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  • Shuk Team

Landlord Use of Cash for Keys Agreements

Updated: Jan 4

A cash for keys agreement (or "C4K") is a negotiated settlement between a landlord and tenant in which the tenant agrees to vacate the rental property and return the keys in exchange for a cash payment. This type of agreement can be an effective way for a landlord to peacefully and quickly resolve an eviction or abandonment situation. However, it is not the only option available to a landlord and may not always be the best course of action.


There are several situations in which a landlord might consider using a cash for keys agreement:

  1. Eviction: If a tenant has failed to pay rent or has otherwise breached the lease, the landlord may need to evict the tenant through legal proceedings. This can be a time-consuming and costly process, especially if the tenant contests the eviction. A cash for keys agreement can allow the landlord to avoid the expense and hassle of a formal eviction by offering the tenant a financial incentive to leave voluntarily.

  2. Abandonment: If a tenant has vacated the property without notice and stopped paying rent, the landlord may be able to treat the tenancy as abandoned. In this case, a cash for keys agreement can help the landlord recoup some of the lost rent and avoid the cost of a formal eviction.

  3. Tenant relocation: In some cases, a landlord may need to temporarily or permanently relocate a tenant in order to make necessary repairs or renovations to the property. A cash for keys agreement can provide the tenant with a financial cushion as they look for a new place to live.

However, there are also situations in which a cash for keys agreement may not be the best option for a landlord:

  1. Tenant has a valid defense: If the tenant has a valid defense to the eviction or abandonment, such as the landlord failing to make necessary repairs or the eviction being discriminatory, a cash for keys agreement may not be a suitable solution.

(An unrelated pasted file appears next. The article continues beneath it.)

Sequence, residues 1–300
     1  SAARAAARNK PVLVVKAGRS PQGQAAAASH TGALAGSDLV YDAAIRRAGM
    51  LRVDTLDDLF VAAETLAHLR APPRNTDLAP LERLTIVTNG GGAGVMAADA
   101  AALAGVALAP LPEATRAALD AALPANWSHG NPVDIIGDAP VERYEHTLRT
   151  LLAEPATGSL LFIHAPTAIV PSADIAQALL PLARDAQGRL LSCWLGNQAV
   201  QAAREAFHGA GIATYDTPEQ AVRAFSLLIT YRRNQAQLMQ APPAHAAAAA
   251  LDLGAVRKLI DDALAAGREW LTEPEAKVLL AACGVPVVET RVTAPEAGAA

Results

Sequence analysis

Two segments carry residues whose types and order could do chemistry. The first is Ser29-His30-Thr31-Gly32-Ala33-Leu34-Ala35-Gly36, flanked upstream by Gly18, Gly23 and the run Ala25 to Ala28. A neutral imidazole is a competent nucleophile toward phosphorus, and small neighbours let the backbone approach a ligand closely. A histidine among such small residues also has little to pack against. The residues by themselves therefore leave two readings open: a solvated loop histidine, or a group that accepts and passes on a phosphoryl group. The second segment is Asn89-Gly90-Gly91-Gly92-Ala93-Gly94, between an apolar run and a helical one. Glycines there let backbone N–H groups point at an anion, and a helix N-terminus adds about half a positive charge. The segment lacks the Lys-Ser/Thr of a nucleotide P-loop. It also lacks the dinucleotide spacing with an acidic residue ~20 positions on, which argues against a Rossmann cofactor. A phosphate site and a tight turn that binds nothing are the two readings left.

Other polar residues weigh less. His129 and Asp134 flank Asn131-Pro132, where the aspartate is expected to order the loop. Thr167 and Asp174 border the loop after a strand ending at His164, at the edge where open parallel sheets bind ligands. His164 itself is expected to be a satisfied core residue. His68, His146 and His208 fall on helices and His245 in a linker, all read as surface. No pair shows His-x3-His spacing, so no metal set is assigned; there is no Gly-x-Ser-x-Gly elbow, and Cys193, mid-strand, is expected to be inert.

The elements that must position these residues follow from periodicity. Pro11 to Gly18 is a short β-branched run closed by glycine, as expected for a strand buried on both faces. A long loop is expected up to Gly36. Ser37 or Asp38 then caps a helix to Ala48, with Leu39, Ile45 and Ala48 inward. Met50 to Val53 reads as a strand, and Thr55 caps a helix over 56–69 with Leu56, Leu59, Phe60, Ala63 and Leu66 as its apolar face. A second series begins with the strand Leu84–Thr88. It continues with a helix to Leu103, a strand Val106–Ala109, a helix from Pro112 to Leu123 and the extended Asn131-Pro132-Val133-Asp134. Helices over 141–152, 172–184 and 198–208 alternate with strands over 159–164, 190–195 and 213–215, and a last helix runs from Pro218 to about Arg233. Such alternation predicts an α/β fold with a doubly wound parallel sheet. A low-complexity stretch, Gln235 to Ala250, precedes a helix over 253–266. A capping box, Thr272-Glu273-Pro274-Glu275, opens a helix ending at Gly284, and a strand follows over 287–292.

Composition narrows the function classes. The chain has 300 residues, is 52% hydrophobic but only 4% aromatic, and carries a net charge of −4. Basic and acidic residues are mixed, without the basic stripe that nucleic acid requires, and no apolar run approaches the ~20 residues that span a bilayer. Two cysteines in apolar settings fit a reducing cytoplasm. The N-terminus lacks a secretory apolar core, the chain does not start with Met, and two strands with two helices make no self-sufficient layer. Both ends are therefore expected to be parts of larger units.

2. Landlord wants possession of the property: If the landlord wants to take possession of the property for their own use or to sell it, a cash for keys agreement may not be appropriate. In this case, the landlord may need to seek a formal eviction or abandonment proceeding in order to gain legal possession of the property.

  3. Tenant has damaged the property: If the tenant has damaged the property, the landlord may want to seek compensation through a court judgment rather than a cash for keys agreement.

There are several elements that a landlord should consider when using a cash for keys agreement:

  1. Legal considerations: It is important for a landlord to ensure that the cash for keys agreement is legally binding and enforceable. This may require the use of a lawyer or other legal professional to draft the agreement.

  2. Amount of payment: The amount of the cash payment should be carefully negotiated and should take into account the landlord's costs, such as lost rent and any damage to the property, as well as the tenant's financial circumstances.

  3. Timing of payment: The timing of the payment should also be carefully considered. The landlord may want to hold back a portion of the payment until the tenant has fully vacated the property and returned the keys.

  4. Documentation: It is important for the landlord to document the cash for keys agreement and any related communications with the tenant. This can help to protect the landlord's interests and provide evidence in the event of a dispute.

  5. Move out schedule: A move out schedule outlines the specific steps and deadlines that the tenant must follow in order to receive the cash payment. This may include tasks such as cleaning the property, returning keys, and providing proof of relocation.

In conclusion, a cash for keys agreement can be a useful tool for a landlord seeking to peacefully and quickly resolve an eviction or abandonment situation. However, it is important for the landlord to carefully consider the legal, financial, and practical implications of this type of agreement. By taking the time to carefully plan and negotiate the terms of the agreement, a landlord can increase the likelihood of a successful outcome.


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